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The new Nvidia App killing GeForce Experience: new overlay, system monitoring, 120fps capture, and lets you add HDR to any game

Wave goodbye to GeForce Experience, the new Nvidia App is set to replace it once it’s out of beta. The new desktop application for GeForce graphics cards features an updated look and feel, new features, and no login requirement, and it’s expected to eventually consume the Nvidia Control Panel, too.

The Nvidia App launches in beta today, February 22, and will replace GeForce Experience. Here’s what’s new:

Overhauled UINo login requirementNew in-game overlayShadowplay 120fps supportPer-game profile settings from the Nvidia Control PanelRTX HDR supportRTX Dynamic Vibrance filter

Open the app up and you’ll find five new tabs available to you on the left-hand side of the screen: Home, Drivers, Graphics, Redeem, and Settings.

Home tab

The Home tab displays a collection of shortcuts to the latest driver package, Nvidia tools and services, and a way to quick launch recent games and software.

Drivers tab

The Drivers tab is where you can install the latest driver package or read up on what’s new. It also offers a quick breakdown of any fixed issues and new features you can expect.

Graphics tab

The Graphics tab is where you can tweak and optimise your per-game settings. In a similar fashion to GeForce Experience, it allows you to adjust how each of your games is set-up through the use of a slider. Adjusting this between ‘Performance’ and ‘Quality’ will set optimal game settings based on your choice of resolution and display mode.

The Graphics tab also includes 3D driver settings that previously only existed in the Nvidia Control Panel. For example, if you want to set V-Sync on or off globally or for a specific game, you can now do that through the Graphics tab. Similarly, you can set options for image scaling or set a max frame rate.

There’s also a shortcut in the Graphics tab to open the Nvidia Control Panel, which is sticking around alongside the Nvidia App for the time being.

There are two brand new features available with the Nvidia App beta, RTX HDR and RTX Dynamic Vibrance. More on those in the section below.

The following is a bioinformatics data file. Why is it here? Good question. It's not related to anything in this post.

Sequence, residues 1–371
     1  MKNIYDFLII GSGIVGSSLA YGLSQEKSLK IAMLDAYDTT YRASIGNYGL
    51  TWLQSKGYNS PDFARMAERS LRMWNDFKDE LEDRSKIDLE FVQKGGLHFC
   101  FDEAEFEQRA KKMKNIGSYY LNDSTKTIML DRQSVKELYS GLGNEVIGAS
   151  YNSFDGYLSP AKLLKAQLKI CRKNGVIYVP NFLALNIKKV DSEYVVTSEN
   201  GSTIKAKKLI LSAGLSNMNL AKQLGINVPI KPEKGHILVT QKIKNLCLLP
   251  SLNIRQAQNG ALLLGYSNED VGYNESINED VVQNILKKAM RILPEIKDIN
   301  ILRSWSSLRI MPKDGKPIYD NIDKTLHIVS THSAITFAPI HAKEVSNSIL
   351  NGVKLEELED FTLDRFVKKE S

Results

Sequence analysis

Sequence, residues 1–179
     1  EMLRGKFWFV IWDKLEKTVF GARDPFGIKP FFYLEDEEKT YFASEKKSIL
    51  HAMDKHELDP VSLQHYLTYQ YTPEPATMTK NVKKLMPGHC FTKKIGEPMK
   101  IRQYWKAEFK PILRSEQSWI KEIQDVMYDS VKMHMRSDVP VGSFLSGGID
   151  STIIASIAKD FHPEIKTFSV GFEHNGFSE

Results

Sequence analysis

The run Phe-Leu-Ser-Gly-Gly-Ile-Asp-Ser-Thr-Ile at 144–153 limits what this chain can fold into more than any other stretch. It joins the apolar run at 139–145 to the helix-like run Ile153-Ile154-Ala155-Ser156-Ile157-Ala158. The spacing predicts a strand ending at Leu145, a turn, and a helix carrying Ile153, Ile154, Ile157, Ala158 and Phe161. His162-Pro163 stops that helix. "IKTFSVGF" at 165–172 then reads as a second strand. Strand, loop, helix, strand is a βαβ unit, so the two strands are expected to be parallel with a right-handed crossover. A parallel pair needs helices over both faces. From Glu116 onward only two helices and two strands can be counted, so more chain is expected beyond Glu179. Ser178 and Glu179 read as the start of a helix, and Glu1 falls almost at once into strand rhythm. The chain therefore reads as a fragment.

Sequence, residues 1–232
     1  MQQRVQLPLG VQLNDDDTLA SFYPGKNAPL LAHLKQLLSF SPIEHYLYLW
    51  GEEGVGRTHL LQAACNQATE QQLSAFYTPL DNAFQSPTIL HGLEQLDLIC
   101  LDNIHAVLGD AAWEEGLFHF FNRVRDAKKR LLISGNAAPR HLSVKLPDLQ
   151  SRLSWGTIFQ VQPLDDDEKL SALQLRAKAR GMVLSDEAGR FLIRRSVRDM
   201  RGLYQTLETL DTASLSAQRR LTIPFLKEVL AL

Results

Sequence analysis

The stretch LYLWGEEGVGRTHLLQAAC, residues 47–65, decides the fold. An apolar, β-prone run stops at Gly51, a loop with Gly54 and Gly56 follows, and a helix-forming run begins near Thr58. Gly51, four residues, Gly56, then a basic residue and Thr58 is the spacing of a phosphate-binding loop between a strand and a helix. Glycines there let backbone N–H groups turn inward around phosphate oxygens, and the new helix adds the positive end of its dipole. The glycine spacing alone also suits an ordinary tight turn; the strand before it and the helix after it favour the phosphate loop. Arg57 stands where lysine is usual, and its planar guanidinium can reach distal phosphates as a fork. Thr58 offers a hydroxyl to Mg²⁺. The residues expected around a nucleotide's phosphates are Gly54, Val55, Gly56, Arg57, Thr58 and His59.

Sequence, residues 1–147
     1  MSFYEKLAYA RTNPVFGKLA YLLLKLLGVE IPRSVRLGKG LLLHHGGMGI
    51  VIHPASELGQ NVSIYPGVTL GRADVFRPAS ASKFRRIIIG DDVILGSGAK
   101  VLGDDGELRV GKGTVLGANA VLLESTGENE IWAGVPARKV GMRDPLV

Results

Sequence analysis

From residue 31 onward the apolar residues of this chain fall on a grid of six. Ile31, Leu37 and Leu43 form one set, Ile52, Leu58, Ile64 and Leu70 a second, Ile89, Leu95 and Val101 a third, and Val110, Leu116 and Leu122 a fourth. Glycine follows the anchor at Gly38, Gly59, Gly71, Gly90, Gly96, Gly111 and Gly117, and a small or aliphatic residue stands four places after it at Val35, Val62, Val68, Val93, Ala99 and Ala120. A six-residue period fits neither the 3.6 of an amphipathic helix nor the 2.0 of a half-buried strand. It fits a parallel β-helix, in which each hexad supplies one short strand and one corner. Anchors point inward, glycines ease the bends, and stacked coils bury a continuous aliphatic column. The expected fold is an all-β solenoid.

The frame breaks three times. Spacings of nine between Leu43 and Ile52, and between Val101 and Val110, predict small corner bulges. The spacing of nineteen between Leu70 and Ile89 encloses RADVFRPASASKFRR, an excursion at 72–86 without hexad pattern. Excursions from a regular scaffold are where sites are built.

Redeem tab

The only section of the new Nvidia App that requires a login is the Redeem tab. This is where you’ll find special offers from Nvidia and its partners. You can choose to ignore these entirely if you’d rather not hand Nvidia your personal information.

Settings tab

Surprise, surprise, here be settings. Namely options for the various features, game library scanning, notifications, and a shortcut to the Control Panel all live here. Though you will also find a summation of the specs of your gaming PC and a note on which driver version you’re running, which may be handy in a pinch.

RTX HDR and RTX Dynamic Vibrance

RTX HDR and RTX Dynamic Vibrance are two new AI-powered filters for Nvidia Freestyle. You don’t have to install any further software to use them, however, they need only to be switched on in the Nvidia App to get the benefits.

RTX HDR is a way to enable HDR support in SDR games. If you’ve been following the news lately, you’ll know that a modder had already found RTX HDR code in Nvidia’s drivers and made it available to download, but this official release means you don’t need to grab that.

There are a few requirements for RTX HDR. First, an HDR-capable monitor and HDR enabled on it in the Windows display settings. You’ll also need an RTX 20-series or newer graphics card (no SLI, if anyone actually still does that these days). While you need Windows 11 for RTX HDR, you must ensure Windows AutoHDR, a similar feature embedded in the OS, is disabled.

As for game support, RTX HDR should work on any DirectX 9 – 12 or Vulkan game, providing HDR is disabled in the game’s setting menu. The game also needs to be running in full screen or exclusive full screen mode, and you can’t run Dynamic Super Resolution, Nvidia Image Scaling or Fast Sync at the same time.

With all that ready to go, to enable RTX HDR just hit Alt + F3 or Alt + Z and select the game filter menu, find the filter, and apply. You might have to restart the game to get the filter working but you should end up with a much more vibrant image that’s making better use of your monitor’s HDR ability. I gave RTX HDR a whirl in Sons of the Forest and it definitely punched up the vibrancy. I still needed to balance the HDR settings in Windows to get a nice and bright overall image but generally I found this filter helps circumvent some of the clumsiness that can occur if constantly flicking between HDR and non-HDR games via Windows, as importantly you can set RTX HDR on or off for each individual game in the Nvidia App.